Phrasal verbs


In your grammarly handbook's intro to Phrasal verbs, you say "Phrasal Verb and Idioms....

It’s like cooking: combine flour and water, stick it in the oven for a bit, and you have bread. If you combine a verb and an adverb, and stick it somewhere in a sentence, you have a phrasal verb. However, baking the dough in a gas oven will (...)"


Why do you say a verb is combined with an adverb? Is the particle not a preposition of place or direction?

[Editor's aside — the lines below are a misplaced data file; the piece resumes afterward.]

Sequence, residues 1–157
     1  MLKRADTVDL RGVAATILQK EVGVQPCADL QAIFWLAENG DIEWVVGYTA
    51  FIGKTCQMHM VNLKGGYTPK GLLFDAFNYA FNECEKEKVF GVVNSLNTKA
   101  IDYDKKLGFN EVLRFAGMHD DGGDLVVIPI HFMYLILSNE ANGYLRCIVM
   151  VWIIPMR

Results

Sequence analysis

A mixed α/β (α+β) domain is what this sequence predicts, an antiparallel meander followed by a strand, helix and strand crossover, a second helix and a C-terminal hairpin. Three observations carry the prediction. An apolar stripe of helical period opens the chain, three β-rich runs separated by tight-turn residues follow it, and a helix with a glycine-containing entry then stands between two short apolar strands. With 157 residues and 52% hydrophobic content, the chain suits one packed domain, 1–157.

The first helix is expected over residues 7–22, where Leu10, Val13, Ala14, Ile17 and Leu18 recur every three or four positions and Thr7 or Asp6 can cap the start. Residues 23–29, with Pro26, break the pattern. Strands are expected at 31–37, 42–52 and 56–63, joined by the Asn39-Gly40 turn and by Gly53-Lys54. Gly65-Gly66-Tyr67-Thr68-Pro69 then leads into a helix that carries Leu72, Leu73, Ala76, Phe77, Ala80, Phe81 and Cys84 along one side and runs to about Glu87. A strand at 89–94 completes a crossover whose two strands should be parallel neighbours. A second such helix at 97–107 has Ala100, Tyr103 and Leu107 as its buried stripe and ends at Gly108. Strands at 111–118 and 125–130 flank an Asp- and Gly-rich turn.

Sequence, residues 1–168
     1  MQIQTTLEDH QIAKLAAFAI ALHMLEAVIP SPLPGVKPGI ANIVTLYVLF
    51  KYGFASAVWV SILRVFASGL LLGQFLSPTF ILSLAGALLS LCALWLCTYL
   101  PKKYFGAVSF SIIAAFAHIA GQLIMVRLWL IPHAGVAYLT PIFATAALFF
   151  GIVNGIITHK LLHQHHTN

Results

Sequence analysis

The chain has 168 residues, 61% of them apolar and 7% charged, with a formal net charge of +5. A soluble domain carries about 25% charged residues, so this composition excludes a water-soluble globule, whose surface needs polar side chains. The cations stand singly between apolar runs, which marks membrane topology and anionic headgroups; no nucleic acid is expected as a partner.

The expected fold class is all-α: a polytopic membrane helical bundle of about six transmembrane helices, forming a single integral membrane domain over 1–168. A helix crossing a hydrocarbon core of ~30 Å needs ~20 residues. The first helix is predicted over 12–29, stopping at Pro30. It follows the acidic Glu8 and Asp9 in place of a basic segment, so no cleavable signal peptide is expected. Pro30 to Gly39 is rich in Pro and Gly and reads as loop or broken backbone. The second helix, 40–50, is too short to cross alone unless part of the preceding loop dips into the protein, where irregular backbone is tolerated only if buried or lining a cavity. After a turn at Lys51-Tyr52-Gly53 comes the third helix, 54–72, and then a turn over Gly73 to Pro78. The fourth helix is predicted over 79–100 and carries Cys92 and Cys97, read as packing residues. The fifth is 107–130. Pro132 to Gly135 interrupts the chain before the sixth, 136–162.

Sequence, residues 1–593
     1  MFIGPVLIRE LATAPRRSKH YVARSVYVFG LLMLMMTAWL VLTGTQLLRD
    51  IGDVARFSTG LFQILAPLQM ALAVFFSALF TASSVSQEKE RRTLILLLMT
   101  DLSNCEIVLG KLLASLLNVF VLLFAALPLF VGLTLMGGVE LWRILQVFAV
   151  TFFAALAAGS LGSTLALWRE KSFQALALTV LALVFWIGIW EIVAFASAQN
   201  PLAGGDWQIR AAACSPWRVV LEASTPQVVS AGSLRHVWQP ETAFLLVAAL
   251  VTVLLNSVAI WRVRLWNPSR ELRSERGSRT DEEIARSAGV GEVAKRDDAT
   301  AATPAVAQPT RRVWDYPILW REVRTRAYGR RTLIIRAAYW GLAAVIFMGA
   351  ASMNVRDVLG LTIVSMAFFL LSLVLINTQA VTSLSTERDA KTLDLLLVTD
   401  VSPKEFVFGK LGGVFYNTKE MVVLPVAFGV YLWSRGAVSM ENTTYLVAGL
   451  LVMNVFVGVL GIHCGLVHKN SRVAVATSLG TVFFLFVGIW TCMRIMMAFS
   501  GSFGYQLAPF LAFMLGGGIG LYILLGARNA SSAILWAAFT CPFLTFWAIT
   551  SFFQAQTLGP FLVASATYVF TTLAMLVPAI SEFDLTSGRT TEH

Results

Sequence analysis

edited Jun 12 '11 at 11:23 Gabedude Contributor

1 answer




You're correct.  A phrasal verb is a combination of a verb and a preposition that changes entirely the normal meaning of the verb.


For example:


'to get' -- to receive


Phrasal verbs --


'to get by' -- to survive


'to get on' (with someone) -- to agree with each other; to be friendly with one another


'to get up' -- to wake up; to stand up


'to get down' -- to dance enthusiastically


THANK YOU for pointing out this oversight to us!  I will get that fixed ASAP!




Kimberly Joki


Grammarly Answers Moderator Community Manager



link comment answered Jun 16 '11 at 13:14 Kimberly Expert

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